Charlotte Corday Biography

(French Revolutionary Who Was Executed for the Assassination of Jacobin Leader Jean-Paul Marat)

Birthday: July 27, 1768 (Leo)

Born In: Écorches, Normandy, France

Marie-Anne Charlotte de Corday d'Armont, better known as Charlotte Corday, was a French moderate who was active during the French Revolution. After she assassinated Jacobin leader Jean-Paul Marat, she was apprehended and executed by guillotine. Originally from Normandy, Corday lost her mother when she was quite young. She subsequently grew up in the Abbaye aux Dames convent in Caen. As the revolution became more radicalised and acts of terror started to occur more frequently, Corday was drawn towards the Girondins. She was inspired by their speeches and became close to various Girondist groups that she came across while residing in Caen. The Girondins believed in a moderate path to the revolution and were worried, along with Corday, about the trajectory on which the revolution was heading. Her vehement opposition towards the radicals and the instigators of the Reign of Terror eventually led her to the decision of going forward with the assassination of Marat, a highly influential politician and journalist who played a significant role in the radicalization of the revolution. Corday was 24 years old when she was executed. In 1847, author Alphonse de Lamartine bestowed upon her a posthumous nickname, l'ange de l'assassinat (the Angel of Assassination).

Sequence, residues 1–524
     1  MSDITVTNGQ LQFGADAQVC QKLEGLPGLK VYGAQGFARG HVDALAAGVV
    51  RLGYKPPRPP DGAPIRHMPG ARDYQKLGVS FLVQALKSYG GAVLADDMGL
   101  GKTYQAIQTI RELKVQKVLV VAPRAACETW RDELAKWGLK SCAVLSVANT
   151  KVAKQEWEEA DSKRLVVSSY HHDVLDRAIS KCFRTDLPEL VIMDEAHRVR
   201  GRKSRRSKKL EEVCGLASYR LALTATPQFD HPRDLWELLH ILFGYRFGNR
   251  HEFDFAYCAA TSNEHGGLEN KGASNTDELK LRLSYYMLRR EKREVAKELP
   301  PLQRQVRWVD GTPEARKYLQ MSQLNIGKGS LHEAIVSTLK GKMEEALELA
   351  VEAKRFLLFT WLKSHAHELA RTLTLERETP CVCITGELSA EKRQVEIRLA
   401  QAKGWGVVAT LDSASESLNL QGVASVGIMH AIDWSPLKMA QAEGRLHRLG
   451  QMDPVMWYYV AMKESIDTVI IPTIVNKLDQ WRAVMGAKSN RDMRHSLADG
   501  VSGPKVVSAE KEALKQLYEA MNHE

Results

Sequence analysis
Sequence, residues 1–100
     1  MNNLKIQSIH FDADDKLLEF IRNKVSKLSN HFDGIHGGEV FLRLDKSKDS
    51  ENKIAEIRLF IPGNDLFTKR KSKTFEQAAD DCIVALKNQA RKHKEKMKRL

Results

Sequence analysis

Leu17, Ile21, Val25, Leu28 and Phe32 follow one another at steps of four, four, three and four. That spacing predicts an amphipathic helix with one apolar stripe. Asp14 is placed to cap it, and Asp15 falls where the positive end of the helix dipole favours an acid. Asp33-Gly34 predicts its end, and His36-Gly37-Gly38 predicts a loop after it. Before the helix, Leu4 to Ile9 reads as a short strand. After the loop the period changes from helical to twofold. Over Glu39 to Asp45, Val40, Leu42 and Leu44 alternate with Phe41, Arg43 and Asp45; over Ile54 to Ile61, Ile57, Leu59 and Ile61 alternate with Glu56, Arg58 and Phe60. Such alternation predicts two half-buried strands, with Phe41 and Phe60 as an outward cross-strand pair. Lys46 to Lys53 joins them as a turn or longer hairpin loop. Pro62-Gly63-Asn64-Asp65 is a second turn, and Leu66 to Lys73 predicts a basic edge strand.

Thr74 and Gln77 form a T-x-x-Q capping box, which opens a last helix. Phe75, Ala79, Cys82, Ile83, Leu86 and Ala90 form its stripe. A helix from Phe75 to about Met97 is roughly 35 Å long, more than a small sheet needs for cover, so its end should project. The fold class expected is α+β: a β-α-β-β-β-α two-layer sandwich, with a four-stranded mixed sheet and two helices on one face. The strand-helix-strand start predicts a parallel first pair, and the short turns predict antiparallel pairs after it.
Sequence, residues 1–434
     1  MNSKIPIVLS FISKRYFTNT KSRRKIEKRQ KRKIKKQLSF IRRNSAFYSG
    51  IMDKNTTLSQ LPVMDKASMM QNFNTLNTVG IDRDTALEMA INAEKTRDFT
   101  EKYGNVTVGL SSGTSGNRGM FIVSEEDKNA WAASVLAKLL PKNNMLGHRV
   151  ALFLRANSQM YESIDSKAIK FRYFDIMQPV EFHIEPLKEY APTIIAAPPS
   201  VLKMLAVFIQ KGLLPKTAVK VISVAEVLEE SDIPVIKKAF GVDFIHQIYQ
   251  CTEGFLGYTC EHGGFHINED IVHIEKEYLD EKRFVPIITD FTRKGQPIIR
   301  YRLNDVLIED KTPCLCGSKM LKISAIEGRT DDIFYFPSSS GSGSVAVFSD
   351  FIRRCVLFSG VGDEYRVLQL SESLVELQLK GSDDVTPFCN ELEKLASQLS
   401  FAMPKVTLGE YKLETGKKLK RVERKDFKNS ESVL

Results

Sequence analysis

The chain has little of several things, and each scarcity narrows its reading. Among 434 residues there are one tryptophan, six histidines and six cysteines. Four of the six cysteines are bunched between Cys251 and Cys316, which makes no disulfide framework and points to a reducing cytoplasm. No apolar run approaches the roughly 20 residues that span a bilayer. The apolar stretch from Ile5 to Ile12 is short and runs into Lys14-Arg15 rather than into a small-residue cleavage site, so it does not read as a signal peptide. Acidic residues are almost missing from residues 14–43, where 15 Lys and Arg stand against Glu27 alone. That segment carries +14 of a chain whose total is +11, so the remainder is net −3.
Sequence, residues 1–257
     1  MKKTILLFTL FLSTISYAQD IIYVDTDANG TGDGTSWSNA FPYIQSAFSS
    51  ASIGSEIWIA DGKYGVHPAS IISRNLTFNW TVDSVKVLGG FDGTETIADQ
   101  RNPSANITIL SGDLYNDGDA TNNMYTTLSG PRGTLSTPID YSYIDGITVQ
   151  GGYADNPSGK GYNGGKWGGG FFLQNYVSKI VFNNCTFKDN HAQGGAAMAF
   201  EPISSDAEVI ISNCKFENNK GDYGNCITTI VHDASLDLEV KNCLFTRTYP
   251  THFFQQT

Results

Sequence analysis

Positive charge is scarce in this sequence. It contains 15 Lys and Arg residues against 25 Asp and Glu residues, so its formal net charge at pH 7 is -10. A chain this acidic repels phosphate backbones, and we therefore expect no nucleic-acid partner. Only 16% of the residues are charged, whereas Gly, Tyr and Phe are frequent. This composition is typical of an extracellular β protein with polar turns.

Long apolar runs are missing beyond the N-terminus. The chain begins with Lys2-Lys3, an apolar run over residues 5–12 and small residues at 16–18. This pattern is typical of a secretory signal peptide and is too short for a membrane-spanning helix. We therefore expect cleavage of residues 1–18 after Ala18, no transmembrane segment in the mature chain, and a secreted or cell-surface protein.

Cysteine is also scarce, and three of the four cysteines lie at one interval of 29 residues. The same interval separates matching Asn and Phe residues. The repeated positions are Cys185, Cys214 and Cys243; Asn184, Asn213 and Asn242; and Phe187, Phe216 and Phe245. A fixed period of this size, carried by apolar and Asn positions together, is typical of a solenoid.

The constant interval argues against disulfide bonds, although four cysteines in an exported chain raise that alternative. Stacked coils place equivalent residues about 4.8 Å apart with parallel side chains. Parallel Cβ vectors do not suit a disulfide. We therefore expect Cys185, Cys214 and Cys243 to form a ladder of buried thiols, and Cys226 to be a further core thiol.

Quick Facts

French Celebrities Born In July

Also Known As: Marie-Anne Charlotte de Corday d'Armont

Died At Age: 24


father: Jacques-François de Corday d’Armont

mother: Charlotte Marie Jacqueline Gaultier de Mesnival

Born Country: France

Revolutionaries French Women

Died on: July 17, 1793

place of death: Paris, France

Cause of Death: Execution

Childhood & Early Life
Charlotte Corday was born on July 27, 1768, in Saint-Saturnin-des-Ligneries, Écorches (in present-day Orne), Normandy, France, in a minor noble family. Dramatist Pierre Corneille was one of her ancestors from her mother’s side. Her father, Jacques François de Corday, Seigneur d'Armont, and mother, Charlotte Marie Jacqueline Gaultier de Mesnival, were cousins.
She was quite young when her mother and older sister passed away. Grief-stricken, her father put her and her younger sister in the Abbaye aux Dames convent in Caen. She grew up there, reading the works of Plutarch, Rousseau and Voltaire at the abbey’s library.
After 1791, she began residing with her cousin, Madame Le Coustellier de Bretteville-Gouville, in Caen. A deep bond developed between the two, and Corday was made the only heir to her cousin’s estate.
On her passport, her physical appearance was described as following, “five feet and one inch... hair and eyebrows auburn, eyes gray, forehead high, mouth medium size, chin dimpled, and an oval face."